“We started telling the children, ‘Santa might have to start around the other side of the world — that’s how it is when you live on top of the world, you know.’ I decided we would blow what we could on groceries and make the day family.
“I caught Mel Cole going to Seward Wednesday and gave him a big order. They always get groceries off the ships … . Man, Larry dives in to see if his things arrived — Martha and Lorrie dance and Rusty checks groceries. We all love packages — mail or otherwise. Anyway — here we sit — really on top of the world — a turkey, eggs in the shell, cabbage, and a squash! Our mouths watered.
By Zirrus VanDevere, for the Redoubt Reporter
The brilliant thing about Joe Kashi’s most recent idea for an exhibit at the Kenai Fine Arts Center is that the judges have already done their work, and the artists have already done theirs. Pieces by local photographers that have previously been accepted into statewide photography exhibits — Rarified Light and Alaska Positive — over the last seven years were eligible to be entered into “Refined Light,” showing through December in Gallery One.
The result is a distinct, cream-of-the-crop sort of show, and although the judges were many and varied, the high quality of the exhibit is tough to dispute.
Just for fun, I thought I might try and judge the exhibit a final time, which turned out to be more difficult than I’d bargained for. There are so many really fine pieces in this show that I ended up with a lot of placers, and a long list of honorable mentions. It helps to remember that I am only one person, and also that it was often only one person who judged these pieces in the first place to be worthy of inclusion in the statewide shows.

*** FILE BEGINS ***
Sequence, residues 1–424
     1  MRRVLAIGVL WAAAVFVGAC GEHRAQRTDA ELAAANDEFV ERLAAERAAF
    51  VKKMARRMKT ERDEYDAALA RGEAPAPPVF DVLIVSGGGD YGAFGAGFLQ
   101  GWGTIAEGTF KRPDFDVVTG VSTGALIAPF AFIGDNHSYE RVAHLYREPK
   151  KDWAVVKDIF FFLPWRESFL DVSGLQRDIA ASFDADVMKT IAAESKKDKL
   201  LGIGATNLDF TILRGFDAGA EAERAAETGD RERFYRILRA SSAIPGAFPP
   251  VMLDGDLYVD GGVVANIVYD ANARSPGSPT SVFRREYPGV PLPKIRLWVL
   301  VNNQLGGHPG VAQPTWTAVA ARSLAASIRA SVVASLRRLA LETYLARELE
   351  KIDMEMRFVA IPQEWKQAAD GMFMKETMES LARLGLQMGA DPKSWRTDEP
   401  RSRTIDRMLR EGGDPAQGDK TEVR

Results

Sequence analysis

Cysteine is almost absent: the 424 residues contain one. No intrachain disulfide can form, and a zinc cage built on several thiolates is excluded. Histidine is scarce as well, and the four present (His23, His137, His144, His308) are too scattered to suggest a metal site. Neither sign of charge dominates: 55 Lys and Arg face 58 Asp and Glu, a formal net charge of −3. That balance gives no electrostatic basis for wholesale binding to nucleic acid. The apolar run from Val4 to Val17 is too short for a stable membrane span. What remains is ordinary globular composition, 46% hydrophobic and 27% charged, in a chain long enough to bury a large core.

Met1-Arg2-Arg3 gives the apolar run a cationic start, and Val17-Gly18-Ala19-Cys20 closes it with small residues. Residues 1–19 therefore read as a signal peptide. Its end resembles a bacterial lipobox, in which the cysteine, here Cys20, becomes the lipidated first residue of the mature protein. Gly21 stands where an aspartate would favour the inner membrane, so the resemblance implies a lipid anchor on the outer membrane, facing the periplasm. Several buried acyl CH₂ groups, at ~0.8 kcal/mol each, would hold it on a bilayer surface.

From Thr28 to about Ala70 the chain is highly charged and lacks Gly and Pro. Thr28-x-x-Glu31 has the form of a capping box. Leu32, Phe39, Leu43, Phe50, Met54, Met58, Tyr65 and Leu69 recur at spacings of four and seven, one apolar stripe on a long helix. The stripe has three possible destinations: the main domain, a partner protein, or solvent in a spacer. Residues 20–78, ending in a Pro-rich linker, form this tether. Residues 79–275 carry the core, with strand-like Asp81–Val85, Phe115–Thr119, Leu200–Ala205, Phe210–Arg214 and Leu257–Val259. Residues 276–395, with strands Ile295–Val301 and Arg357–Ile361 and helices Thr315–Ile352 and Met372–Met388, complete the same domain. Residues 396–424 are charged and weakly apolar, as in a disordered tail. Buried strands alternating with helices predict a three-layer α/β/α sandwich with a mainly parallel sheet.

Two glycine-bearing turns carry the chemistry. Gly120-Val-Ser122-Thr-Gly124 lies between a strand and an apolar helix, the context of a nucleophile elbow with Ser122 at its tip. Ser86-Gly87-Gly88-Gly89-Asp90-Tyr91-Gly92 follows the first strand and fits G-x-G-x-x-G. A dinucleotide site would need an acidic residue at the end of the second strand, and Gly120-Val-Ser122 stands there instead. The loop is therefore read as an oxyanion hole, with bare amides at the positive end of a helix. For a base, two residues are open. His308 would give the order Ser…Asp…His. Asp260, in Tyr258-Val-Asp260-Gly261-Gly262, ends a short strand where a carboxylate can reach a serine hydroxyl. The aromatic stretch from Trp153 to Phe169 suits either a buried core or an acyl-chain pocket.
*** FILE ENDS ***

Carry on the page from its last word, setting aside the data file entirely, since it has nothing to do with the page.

These are artists and photography that I am familiar with and, like anyone else, I have certain biases and aesthetic tastes and preferences.
By Joe Kashi, for the Redoubt Reporter
In some respects, it takes more effort to look at photographs than it takes to take them. While at the Kenai Fine Arts Center the other day, I was reminded of how often all of us, as viewers, fail to make that effort.
The December exhibit at the Kenai Fine Arts Center consists of 40 photographs by 16 local photographers. Each of those 40 photographs was accepted between 2005 and 2012 into “Rarified Light,” Alaska’s most prestigious annual juried photography exhibit. It’s quite a diverse set of images, as might be expected of work produced by so many people and selected by eight different nationally prominent jurors. Surely, at least a few of those images should catch visitors’ eyes enough for them to linger and consider the image, at least for a few seconds.
Yet, I saw some visitors powering through those 40 select photographs as if they were on afterburner, moving through the entire exhibit in three or four minutes. That averages about four to six seconds per image, including the time spent walking between each photo. It’s hard to imagine that those viewers derived either benefit or pleasure from their brief exposure to these works. Doing so takes a bit more time and a receptive — shall we say, introspective — attitude.
Good work should produce some degree of useful emotional reaction and/or a deepened sense of personal understanding. In the best work, the emotional reaction or sense of understanding comes from within each viewer.
Perhaps I can illustrate this point using a photo from this exhibit. Although nominally a simple photo of an empty chair partially side lit by drawn curtains, I heard many different reactions from viewers. Some were reminded of happy childhood memories at home or while visiting grandparents while others saw death and loss in that empty chair. These are diametrically opposed reactions, yet all make perfectly good sense when considering each viewer’s own life experiences.
By Jenny Neyman
For an adventure to live up to the Seth Holden standard requires meeting some steep qualifications:
It has to be big — week-long winter ski traverses, remote mountain climbs, explorations of backcountry terrain so way out and wild that few even fly over it, much less navigate through.
It has to be human-powered — climbing, skiing, pack rafting, hiking, hunting; wherever man provides the means, the mettle and the locomotion.
It has to be unique — an unclimbed peak, an untried route or some other feat rarely, if ever, attempted, much less accomplished.